The problem for the US is not that there have been these near misses of a total schemozzle, but that there hasn’t been one. Thus this ramshackle system has persisted with the faint but ever-real possibility that a mass outbreak of faithless voting could seat a President not chosen by a majority of voters – and not just a very close stolen election like 2000, but a real gap of millions of votes. Suppose for example that the US was at war – a real one not the Iraq farce – and the Democrats were split between hawks and doves. Would it be possible that the Democrats could win 26 states, the Republicans 24, and that hawkish Democrat electors in two sizeable states would switch their vote? Yes, even in states where the laws punish such behaviour (because the law does not actually change the vote, it merely punishes the faithless elector). And there’s nothing anyone could do about it.

Impeachment:

A sitting President can be impeached – that is indicted — for ‘high crimes and misdemeanours’ by the House of Representatives and then put on trial in the Senate. Note that impeachment is not the actual sacking of a President, but the vote to put the President up for trial in the Senate. Two Presidents – Andrew Jackson in 1868 and Bill Clinton in 1999 – have been impeached, both on highly partisan and largely spurious grounds. Both were acquitted. Had either been found guilty they would have been replaced by…

The Vice-President:

‘Not worth a bucket of warm piss’ is how FDR’s first VP John Garner Nance described the second highest office in the land, an office that, until the descent of dark angel Dick Cheney, was little more than a sack of spare parts for a President, and a waiting room for the next candidacy. The initial supposition that the Presidency would be a non-party political office led to the initial system whereby the runner-up in the election would become VP – a situation more conducive to sitcom than statesmanship. That system was changed to a seperate vote in 1804, in reaction to the 1796 election in which elected President John Adams’ rival Thomas Jefferson became VP and spent the next four years systematically undermining him.

Essentially the role of VP is utterly unnecessary, as there is a complete order of succession for a dead, impeached or resigned President (VP – Speaker of the House of Representatives – President pro tempore of Senate – Secretary of State and on through the Cabinet) which could simply skip the VP altogether. If the VP’s office becomes vacant, a replacement is nominated and confirmed by Congress. This anomaly of the position led to the US being ruled by someone never directly elected by the people – Gerald Ford, appointed to replace Spiro Agnew in 1973 – before that happened with George W Bush in 2000.

The Parties:

The current two party system only stabilised in the 1850s, when Lincoln and others left the Whig party and formed the Republicans. The early decades of the US had been dominated by Federalist and anti-Federalist groupings, until the question was decided in favour of the former. The anti-federalists were known as the Democratic-Republicans, and numbered Jefferson and Madison among their members. They eventually evolved into the Democratic party. Following the Civil War, and the readmission of southern states to the Union in 1868, the South was dominated by the Democrats as a virtual one-party state from the 1880s to the 1960s – in many cases, state legislative seats, governorships and other offices were uncontested elections, there being no organised Republican party in the state, and the real contest being the Democratic primaries.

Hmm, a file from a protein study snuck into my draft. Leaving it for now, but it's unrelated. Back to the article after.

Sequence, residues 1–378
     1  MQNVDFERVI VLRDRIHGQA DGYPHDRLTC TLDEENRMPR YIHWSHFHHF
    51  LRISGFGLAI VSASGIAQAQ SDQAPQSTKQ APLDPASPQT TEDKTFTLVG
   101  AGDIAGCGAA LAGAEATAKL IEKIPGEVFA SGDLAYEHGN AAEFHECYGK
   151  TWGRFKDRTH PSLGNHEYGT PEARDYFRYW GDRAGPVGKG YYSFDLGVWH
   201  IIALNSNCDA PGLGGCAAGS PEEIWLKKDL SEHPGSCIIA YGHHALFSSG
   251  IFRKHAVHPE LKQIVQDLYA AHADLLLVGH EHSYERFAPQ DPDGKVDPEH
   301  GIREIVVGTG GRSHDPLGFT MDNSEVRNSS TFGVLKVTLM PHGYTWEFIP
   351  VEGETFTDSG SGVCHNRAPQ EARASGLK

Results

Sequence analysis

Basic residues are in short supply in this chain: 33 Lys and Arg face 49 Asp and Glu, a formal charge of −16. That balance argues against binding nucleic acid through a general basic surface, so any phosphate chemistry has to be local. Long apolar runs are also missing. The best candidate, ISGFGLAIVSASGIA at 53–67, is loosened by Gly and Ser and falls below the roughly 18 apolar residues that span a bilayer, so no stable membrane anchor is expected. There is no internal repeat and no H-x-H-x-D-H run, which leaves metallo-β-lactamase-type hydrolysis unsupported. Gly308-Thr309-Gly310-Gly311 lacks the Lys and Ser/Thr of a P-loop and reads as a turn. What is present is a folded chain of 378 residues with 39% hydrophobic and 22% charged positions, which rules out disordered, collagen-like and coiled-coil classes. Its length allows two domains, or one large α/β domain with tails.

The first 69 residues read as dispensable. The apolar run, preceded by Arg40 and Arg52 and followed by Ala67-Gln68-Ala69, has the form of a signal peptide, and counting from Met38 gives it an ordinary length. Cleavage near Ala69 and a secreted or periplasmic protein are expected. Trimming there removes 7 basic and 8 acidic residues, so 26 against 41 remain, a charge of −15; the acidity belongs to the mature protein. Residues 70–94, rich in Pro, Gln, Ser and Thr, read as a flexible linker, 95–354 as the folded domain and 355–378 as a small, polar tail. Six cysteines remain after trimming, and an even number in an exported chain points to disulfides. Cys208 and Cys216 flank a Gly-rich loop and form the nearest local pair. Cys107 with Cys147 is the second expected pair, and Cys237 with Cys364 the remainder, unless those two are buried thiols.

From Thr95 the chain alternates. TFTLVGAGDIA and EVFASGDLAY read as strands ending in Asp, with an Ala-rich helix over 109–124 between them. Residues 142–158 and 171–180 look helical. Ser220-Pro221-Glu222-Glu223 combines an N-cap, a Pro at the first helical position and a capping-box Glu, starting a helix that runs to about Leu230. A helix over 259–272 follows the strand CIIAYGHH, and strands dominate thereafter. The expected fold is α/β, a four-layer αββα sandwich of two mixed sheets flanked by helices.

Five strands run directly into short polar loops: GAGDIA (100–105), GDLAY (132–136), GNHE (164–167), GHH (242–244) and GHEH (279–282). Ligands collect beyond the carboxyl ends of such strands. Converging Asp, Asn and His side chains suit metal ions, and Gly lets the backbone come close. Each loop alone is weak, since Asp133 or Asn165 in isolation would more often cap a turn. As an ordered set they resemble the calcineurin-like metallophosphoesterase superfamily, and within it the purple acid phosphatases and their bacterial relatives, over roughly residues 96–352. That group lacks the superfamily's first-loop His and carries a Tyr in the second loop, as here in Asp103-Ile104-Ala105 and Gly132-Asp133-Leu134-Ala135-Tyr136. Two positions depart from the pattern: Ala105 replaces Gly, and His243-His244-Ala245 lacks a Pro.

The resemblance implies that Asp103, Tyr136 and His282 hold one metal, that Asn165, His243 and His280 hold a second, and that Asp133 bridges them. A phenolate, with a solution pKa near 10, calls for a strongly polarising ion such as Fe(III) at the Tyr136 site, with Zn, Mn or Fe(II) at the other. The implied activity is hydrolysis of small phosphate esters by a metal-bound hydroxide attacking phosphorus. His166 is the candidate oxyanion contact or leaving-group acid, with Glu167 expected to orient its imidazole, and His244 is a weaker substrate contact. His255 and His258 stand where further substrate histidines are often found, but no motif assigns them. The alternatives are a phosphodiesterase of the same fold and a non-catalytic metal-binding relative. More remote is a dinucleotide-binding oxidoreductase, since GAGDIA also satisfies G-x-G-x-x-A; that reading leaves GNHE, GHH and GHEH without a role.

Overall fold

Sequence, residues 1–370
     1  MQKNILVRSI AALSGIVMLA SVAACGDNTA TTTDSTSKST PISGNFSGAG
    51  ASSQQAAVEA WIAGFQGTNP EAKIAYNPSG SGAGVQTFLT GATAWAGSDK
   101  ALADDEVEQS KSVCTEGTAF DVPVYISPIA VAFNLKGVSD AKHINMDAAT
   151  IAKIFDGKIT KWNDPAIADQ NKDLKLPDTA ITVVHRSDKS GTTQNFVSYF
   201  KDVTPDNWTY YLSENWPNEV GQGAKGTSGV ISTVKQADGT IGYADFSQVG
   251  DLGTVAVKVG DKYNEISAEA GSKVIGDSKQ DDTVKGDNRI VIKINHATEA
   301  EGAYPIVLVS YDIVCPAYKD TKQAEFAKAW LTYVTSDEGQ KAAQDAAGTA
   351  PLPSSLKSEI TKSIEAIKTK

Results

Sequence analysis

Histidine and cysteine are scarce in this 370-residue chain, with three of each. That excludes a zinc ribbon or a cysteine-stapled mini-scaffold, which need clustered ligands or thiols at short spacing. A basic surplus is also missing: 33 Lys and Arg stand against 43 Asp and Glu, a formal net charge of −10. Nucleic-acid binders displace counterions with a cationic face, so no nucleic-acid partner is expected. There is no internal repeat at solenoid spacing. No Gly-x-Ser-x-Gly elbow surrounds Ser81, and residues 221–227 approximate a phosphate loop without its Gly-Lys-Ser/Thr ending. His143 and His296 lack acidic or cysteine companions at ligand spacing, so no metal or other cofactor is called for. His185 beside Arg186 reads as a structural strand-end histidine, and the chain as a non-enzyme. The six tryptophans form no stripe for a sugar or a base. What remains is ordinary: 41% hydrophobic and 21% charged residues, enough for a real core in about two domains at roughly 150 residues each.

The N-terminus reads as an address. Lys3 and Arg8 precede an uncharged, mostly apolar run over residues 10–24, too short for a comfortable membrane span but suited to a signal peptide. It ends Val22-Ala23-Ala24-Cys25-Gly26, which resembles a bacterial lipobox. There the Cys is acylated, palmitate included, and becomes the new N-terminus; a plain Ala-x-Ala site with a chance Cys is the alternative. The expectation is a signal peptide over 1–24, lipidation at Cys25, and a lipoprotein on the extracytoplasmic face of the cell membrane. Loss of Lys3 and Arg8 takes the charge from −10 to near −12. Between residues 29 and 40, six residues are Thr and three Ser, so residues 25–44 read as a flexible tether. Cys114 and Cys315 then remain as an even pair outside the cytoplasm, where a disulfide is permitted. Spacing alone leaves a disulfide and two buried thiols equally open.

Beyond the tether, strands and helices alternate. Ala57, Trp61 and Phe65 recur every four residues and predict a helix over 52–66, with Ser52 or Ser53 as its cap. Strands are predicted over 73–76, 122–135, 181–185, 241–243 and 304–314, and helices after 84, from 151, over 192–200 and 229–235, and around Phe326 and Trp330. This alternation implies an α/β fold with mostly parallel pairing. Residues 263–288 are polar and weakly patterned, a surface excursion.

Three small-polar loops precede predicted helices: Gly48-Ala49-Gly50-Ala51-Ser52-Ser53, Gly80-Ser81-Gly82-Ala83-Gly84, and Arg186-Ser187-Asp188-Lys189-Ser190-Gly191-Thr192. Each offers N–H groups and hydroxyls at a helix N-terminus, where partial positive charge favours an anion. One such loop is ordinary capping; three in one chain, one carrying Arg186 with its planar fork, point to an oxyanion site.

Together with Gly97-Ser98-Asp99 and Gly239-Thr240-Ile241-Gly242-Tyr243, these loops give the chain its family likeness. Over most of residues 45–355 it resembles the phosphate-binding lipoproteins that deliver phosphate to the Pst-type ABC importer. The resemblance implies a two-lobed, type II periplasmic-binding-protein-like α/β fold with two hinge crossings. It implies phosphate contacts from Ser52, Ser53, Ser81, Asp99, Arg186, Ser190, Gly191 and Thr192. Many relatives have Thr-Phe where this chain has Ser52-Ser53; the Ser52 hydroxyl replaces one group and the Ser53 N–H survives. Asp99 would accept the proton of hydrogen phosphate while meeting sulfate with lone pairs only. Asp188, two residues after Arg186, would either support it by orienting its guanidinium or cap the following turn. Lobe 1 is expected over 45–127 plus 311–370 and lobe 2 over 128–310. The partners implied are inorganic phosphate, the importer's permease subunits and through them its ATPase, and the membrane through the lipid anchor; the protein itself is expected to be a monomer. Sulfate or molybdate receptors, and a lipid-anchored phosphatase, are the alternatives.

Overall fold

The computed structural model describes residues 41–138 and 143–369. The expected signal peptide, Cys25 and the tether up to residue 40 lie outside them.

In the second half of the nineteenth century the Democrats and Republicans were coalitions of interests with no one unifying principle – the former comprising business interests with a laissez-faire approach, Catholic workers and white southerners, the Republicans based on protectionist industries, Protestants, and Southern blacks. The current realignment as more or less left-right parties came in the early part of the twentieth century as the pro-business and nationalist factions of the Republican party tore asunder – with Theodore Roosevelt taking the nationalist progressives (pro-tarriff, pro-social welfare) out of the party in 1912 to run the only third party campaign to beat one of the major parties into third place – Republican president Taft gaining only two states and eight electoral college votes.

However, the Progressive party faded away over the next years, and its members then joined the Democrats rather than the Republicans. The split formalised the Democrats connection with trade unions and the Republicans with business bodies, in the North, but the Democrats retained a total hold on the South, which limited their capacity to develop social liberal policies. When northern Democrats put a desegregationist plank in the 1948 party platform, South Carolina governor Strom Thurmond ran a seperate ‘Dixiecrat’ campaign and the party was only unified by putting civil rights on the backburner until the 1960s when Lyndon Johnson pushed through the civil rights acts, ‘losing’ as he said ‘the South for a generation’ – and essentially cementing the left/liberal/Democrat – right/conservative/Republican split.

Third parties: